In general, a bob haircut is a blunt cut that is level with the bottom of the ears all the way around the head. There are many varieties of bob haircuts, but they typically are worn either with bangs or with the hair swept across or off the forehead. A bob is considered to look good on many face structures and works with many textures of hair. This look comes in and out of fashion often, generally re-entering with a new and interesting twist.
Women have worn short hair ever since they began imitating the Roman Emperor Titus, and possibly before that, but the greatest popularity of this fashion came about during the First World War. In 1915, female ambulance drivers utilized the bob for reasons of convenience and sanitation. For this reason, the cut became highly fashionable among French women.
It wasn’t until 1918, when Irene Castle, a renowned ballroom dancer, donned a bob haircut, that it became hugely successful in the United States. The Castle bob dramatically changed the look of female youths during the 1920s. Many young women readily accepted the chance to shed their long, feminine locks in favor of the daring, dangerous bob. In cutting their hair, women felt they gained some measure of independence and equality with men. The instantaneous attachment to the haircut foreshadowed significant changes in Western society that came about during the 1920s.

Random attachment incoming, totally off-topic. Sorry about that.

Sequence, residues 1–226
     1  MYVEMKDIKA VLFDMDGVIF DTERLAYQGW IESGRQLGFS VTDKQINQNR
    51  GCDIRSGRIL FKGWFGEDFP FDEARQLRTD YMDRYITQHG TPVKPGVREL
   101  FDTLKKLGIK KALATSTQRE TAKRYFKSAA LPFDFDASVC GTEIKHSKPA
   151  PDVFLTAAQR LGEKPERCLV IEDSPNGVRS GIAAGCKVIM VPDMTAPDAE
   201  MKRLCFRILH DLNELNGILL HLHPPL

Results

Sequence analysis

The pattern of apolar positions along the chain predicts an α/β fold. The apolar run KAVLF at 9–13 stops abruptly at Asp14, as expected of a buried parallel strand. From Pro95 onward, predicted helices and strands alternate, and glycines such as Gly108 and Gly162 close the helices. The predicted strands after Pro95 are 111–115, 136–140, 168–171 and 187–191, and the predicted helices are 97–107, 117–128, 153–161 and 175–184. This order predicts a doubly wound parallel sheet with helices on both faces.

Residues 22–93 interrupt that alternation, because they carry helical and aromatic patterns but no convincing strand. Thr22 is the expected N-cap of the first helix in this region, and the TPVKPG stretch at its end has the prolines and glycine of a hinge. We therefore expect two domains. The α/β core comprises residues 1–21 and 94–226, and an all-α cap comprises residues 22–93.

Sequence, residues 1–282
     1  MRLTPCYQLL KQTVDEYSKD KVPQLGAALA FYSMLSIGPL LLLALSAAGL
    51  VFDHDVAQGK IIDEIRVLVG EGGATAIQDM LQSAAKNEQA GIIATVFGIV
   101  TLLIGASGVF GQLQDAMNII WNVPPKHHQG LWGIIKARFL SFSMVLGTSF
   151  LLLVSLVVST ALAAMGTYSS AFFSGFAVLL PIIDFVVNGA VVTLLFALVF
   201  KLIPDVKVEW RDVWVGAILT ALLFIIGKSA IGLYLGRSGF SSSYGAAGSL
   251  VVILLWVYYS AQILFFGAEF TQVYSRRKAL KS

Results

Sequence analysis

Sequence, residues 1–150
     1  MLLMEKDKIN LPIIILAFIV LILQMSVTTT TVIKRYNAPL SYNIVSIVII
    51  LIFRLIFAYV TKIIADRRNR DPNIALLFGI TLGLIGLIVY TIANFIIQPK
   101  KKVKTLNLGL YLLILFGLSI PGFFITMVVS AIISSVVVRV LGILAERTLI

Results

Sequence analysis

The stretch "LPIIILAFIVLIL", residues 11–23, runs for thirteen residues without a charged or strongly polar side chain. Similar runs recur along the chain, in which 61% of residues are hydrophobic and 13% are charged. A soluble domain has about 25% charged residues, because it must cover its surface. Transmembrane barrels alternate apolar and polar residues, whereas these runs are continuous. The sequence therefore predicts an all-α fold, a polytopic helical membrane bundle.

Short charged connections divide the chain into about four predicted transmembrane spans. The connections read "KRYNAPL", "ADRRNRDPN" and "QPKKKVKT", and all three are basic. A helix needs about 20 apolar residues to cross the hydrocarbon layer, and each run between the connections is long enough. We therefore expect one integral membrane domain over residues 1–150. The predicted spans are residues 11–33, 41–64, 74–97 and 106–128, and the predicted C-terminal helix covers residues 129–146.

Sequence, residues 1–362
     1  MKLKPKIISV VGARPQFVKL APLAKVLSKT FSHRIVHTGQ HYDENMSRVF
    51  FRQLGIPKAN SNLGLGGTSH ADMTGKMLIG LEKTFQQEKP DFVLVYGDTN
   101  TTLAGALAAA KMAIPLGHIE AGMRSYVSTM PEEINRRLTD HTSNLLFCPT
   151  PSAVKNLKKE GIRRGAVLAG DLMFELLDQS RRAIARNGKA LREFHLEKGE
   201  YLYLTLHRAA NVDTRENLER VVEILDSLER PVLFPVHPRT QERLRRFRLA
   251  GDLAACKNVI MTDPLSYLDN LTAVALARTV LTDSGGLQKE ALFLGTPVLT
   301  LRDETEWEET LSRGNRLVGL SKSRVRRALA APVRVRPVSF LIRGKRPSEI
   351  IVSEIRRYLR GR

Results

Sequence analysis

At one time, women could get bob haircuts only at barbershops; some cities reported women waiting in lines outside shops, even lounging on the floor, waiting for their turn under the shears. The bob also propelled a new industry in the United States. The number of hairdressing shops in the U.S. is believed to have more than quadrupled from 1920-1924.
A More Severe Hairstyle
The shingle bob came into existence in 1923 and was a more severe take on the bob haircut. In a true shingle bob, the hair tapers to a “V” at the nape of the neck, and the sides are either waves or curls. This version of the bob often had some people lamenting that, from the back, it was difficult to tell whether a person was a male or a female.
Despite its popularity, not everyone accepted the new hairstyle. Queen Mary of England requested that all ladies at court functions would hide their short hair. Some employers forced employees to grow their hair long again or fired women who had bobbed hair. Some women kept the pieces of their long hair after it had been cut to use as hairpieces that made their hair look long again.